I don’t have a cellphone. At first I didn’t buy one. And then I continued not buying one. At one point, a friend gave me one, and I dutifully gave out the number and carried it around for a while, but I didn’t like being called while walking around, and so I would turn it off, and eventually stopped taking it with me, and its minutes ran out, and then I was back to not having a cellphone.
You may be thinking: Big deal, she doesn’t have a cellphone. Who cares? I entirely agree with you. My failure to have a cellphone is not in itself interesting. Nor am I an anti-cellphone activist. I do not live under a bridge, on an organic farm, or in an Amish community. I have a job, and friends, and something approximating a social life. And I am not suggesting you get rid of your cellphone. My objection is not to cellphones themselves: I agree that they are convenient, and completely understand why people have them. I just don’t want one.
It’s true that I find some of the entailments of constant cellphone use alarming. Like many cellphone owners, I am disturbed by the increasing zombification of the populace, with people staggering around the streets staring into their little screens, a danger to themselves and those around them. Like you, I am horrified to see cellphone-clutching babies being strolled around, oblivious to their surroundings, by similarly oblivious cellphone-wielding parents. Clearly the apocalypse is nigh. But that’s not my point.
My point is the way people react to my cellphonelessness. I don’t go around announcing that I don’t have a cellphone—at least I didn’t, before deciding to come out publicly as a non-cellphone-owner in the form of this article. I’ve tried to avoid revealing my cellphone lack, because I dislike the ensuing responses. But occasionally someone asks for my number in case they want to call or send a text. I try to fob them off with what I resent having to refer to as a landline, but when this ploy fails (as it generally does), the reactions fall into five categories:
1. You don’t have a cellphone? Really? Huh. That’s… amazing….
2. Oh I know, me too. I hate cellphones. I only have one because [kids/work/travel]. I never give out the number.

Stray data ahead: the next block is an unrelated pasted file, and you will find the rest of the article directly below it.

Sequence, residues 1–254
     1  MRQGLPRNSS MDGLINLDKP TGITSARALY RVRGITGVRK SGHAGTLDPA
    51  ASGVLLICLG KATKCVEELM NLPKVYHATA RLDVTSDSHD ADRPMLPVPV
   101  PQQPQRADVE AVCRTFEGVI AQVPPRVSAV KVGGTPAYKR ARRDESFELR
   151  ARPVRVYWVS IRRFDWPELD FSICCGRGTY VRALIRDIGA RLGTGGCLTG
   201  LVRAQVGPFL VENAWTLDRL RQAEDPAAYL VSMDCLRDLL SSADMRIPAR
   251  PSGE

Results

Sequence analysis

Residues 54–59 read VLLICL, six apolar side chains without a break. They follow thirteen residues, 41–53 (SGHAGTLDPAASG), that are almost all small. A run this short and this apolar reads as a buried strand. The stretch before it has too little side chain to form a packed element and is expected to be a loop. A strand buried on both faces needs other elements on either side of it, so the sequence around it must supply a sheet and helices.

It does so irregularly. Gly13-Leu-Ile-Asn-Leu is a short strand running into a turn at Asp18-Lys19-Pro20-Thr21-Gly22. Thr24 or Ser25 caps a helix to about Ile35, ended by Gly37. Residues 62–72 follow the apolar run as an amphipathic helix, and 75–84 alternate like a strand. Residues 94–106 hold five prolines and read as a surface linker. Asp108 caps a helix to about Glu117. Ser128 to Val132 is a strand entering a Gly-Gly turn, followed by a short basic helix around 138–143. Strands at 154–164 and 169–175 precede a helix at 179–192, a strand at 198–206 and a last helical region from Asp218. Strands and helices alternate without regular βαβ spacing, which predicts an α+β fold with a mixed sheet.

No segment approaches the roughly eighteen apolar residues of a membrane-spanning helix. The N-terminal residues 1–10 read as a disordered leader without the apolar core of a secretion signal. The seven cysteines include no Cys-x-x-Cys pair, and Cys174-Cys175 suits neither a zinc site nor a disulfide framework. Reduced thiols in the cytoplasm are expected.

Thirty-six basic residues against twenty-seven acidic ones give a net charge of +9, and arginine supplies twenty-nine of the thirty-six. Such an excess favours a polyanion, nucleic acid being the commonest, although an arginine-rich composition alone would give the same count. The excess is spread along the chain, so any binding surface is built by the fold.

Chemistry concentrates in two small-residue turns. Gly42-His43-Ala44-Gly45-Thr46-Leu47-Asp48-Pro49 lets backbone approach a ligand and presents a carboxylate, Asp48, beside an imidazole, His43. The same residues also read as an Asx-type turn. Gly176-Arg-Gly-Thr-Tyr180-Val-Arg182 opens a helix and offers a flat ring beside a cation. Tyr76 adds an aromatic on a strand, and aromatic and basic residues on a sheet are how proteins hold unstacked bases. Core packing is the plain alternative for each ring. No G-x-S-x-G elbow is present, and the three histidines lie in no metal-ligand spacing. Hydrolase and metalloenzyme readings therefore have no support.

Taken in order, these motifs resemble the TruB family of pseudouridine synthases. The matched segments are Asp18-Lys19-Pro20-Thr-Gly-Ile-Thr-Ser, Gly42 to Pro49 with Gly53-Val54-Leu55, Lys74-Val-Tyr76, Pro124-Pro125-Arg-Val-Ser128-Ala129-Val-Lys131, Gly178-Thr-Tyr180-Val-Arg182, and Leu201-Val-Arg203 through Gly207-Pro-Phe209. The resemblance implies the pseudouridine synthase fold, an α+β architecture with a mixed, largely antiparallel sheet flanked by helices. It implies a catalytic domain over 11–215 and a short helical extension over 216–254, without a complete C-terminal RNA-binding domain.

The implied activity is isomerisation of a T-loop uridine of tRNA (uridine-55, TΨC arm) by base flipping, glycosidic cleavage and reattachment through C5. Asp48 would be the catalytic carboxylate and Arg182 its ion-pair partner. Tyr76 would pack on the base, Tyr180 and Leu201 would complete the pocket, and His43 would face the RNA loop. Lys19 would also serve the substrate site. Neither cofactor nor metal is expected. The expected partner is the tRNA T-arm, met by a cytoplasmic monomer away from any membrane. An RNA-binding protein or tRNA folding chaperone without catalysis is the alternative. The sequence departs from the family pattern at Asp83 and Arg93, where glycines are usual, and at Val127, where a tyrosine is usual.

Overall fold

3. You don’t have a cellphone? Seriously, you don’t have a cellphone? Dude! But how do you… like… exist, without a cellphone? How do you… talk to your family?
4. You don’t have a cellphone? Seriously? Why don’t you have a cellphone? You should have a cellphone! What if someone wants to get ahold of you? You should definitely get a cellphone. What if something happens? I can’t believe you don’t have a cellphone! What is wrong with you?
Very occasionally, someone says:
5. You don’t have a cellphone? Really? I don’t have one either! I thought I was the last person on Earth without a cellphone.
This has only happened twice.
Category No. 1 feels burdened by being constantly on call and finds the idea of not having a cellphone both attractive and implausible. Category No. 2 likes the idea of not having a cellphone, but doesn’t want to go without. The difference between them is that No. 1 hadn’t really thought about not having one, whereas No. 2 had held out for a while and feels solidarity with the cellphoneless.
Category No. 3 was born after 1990, and has never known a world without cellphones. They have heard of it, but they can’t imagine such a thing, feel vague pity for the citizens of the past who were forced to live this way, and find it as impossible to imagine anyone voluntarily depriving themselves of cellphone use as of indoor plumbing. Recently, someone born in 1992 asked me with great perplexity how people had met before cellphones. Not how people hooked up in the absence of Tinder or Grindr, but how friends arranged to get together, without being able to call or text. It wasn’t all that complicated, I explained: They agreed on a time and place, and then went there.
My point is: Category No. 4. I’ve been berated for not having a cellphone so many times, sometimes by people who don’t seem to harbor any desire actually to contact me, that it seems not having a cellphone is now viewed not merely as a terrible breach of etiquette, but as the passive-aggressive indictment of an entire way of life. Some people react to my admission that I don’t have a cellphone as though they’d offered me a platter of meat and I’d responded by handing out pictures of slaughterhouses.
Category No. 4, I conclude, has something in common with Category No. 1. In both cases, there is the suggestion that a person without a cellphone is getting away with something. Category No. 1 views this as a positive thing and wonders whether it too might be able to take a shot at it. Category No. 4 appears to be enraged at the idea of someone else’s having escaped an onerous responsibility that it has dutifully shouldered. Yet it’s not as though I were confessing to not paying taxes; as far as I know, there is no actual law requiring one to have a cellphone. Why the outrage? Is it simply peer pressure, a middle-age version of the sixth-grade insistence that everyone wear the same brand of gym shoes, at risk of being cast out of the group? Can it be that some don’t actually enjoy being constantly tied to their cellphones and resent being reminded that they’ve done this to themselves?
People often say they couldn’t survive without a cellphone. But if you were born before 1990, you know that’s not true. In any case, if you’re reading this on your phone while walking across the street, you should really look up, because there’s a BMW heading straight for you, and the driver is texting.